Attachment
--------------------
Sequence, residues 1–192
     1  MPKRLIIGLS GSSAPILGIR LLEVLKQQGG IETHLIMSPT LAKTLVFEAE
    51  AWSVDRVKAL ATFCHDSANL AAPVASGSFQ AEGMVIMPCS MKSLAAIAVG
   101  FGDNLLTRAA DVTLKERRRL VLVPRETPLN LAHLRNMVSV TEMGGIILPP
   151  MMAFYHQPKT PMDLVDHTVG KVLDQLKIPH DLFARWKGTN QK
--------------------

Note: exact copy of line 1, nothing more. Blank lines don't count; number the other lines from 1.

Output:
Sequence, residues 1–192